With the virtual machine completed, you learn the specification of the high-level language, Jack. You come back to it for the next two chapters, where you build the second part of the compiler. The first chapter dedicated to the compiler is about syntax analysis and building a tokenizer. I knew the term tokenizer and abstract syntax tree before, back when I was learning Lisp, but I didn’t appreciate Lisp before building one myself. I could use Python’s Pygments library for this part, but I wanted to get my hands dirty instead. It wasn’t particularly pretty. I had to generate an XML tree and it was one of the most horrible things I had to deal with in my whole life. Unfortunately, the reference files I had to compare with were XML, so I didn’t have much choice.
After countless curses to XML I completed it and went on with the second part; code generation. I had to add a symbol table to keep track of the variables and replace the tokenizer output module to output VM bytecode instead of XML. It seemed fairly easy, but turned out really hard and time consuming. There were six tests, and my code broke in every single one of them. I’d pass one test and the next one would throw errors I wouldn’t even imagine. I guess it was because I forgot the VM code and design while I was building the tokenizer part and dealing with ugly, ugly XML.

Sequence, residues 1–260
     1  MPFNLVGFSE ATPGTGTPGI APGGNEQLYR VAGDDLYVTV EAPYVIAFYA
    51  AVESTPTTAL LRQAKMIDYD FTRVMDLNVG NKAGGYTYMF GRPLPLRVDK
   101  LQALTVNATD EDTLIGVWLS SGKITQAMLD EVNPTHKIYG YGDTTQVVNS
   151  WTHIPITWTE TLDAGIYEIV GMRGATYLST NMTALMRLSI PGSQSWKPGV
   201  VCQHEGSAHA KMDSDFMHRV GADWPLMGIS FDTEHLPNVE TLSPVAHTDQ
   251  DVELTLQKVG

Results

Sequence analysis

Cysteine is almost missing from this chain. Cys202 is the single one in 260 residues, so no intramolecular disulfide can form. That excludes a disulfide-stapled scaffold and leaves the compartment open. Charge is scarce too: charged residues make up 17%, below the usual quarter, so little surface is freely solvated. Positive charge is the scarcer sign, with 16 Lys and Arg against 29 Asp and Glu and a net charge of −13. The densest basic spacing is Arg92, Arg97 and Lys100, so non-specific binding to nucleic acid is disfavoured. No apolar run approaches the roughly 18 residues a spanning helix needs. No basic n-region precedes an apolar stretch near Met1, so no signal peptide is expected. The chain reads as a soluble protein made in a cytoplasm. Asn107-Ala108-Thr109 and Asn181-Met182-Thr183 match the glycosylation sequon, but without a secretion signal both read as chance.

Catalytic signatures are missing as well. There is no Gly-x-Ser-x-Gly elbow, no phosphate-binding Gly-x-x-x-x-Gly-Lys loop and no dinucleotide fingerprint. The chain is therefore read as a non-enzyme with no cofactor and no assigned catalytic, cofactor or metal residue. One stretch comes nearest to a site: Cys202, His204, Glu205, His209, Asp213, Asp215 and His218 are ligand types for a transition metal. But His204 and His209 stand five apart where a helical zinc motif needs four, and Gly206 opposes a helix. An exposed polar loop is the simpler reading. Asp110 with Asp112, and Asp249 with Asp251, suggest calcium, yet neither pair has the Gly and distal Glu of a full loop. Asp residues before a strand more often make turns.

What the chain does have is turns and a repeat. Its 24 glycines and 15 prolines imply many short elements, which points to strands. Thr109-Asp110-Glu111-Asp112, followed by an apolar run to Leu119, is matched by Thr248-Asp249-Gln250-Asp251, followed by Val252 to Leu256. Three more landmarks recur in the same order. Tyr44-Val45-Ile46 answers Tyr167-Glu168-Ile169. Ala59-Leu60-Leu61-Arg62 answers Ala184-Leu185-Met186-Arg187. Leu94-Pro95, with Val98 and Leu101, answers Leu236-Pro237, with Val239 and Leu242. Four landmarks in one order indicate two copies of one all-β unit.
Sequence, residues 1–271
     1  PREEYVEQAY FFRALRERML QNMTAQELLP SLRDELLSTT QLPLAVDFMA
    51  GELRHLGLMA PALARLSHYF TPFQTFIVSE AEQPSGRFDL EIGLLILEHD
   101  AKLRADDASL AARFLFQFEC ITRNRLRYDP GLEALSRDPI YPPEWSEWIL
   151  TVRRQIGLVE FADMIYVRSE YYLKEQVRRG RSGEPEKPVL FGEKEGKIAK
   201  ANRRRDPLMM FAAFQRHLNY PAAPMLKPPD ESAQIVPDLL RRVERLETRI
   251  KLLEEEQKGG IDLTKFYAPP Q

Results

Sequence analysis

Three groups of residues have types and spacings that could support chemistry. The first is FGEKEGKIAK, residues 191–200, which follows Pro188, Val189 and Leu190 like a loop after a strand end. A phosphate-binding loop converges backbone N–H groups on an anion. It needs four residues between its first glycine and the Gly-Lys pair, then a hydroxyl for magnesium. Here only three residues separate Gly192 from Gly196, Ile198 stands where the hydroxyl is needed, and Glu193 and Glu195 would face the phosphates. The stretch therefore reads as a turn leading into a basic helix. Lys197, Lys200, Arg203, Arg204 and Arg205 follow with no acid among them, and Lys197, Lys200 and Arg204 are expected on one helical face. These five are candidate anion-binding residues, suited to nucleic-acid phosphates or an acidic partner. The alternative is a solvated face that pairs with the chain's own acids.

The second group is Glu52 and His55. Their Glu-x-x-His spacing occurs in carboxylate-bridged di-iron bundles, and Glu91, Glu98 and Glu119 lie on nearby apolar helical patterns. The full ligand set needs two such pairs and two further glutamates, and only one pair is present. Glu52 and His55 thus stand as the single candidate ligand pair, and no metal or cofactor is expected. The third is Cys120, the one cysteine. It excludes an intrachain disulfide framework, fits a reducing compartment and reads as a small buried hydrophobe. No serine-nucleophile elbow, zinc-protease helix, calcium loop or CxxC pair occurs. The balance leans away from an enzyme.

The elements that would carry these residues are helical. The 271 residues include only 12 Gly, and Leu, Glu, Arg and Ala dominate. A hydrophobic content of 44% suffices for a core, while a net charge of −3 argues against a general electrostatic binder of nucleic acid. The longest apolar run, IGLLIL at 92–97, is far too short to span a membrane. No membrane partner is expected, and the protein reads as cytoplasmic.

Sometimes I would get really hopeless and cheat a little by compiling the test code with the provided compiler and decrypting the VM code in my head. (Well, I wouldn’t really call it cheating, the compiler was there and compiled code was kind of a reference.) In the end I fixed all the bugs which didn’t let it pass the test and it still wouldn’t compile the test code for the next chapter correctly. (The provided compiler would also show useful error messages for errors in my Jack code, which I didn’t implement in my half-baked compiler. I didn’t really care because I had to move on and passing the tests were good enough for me.)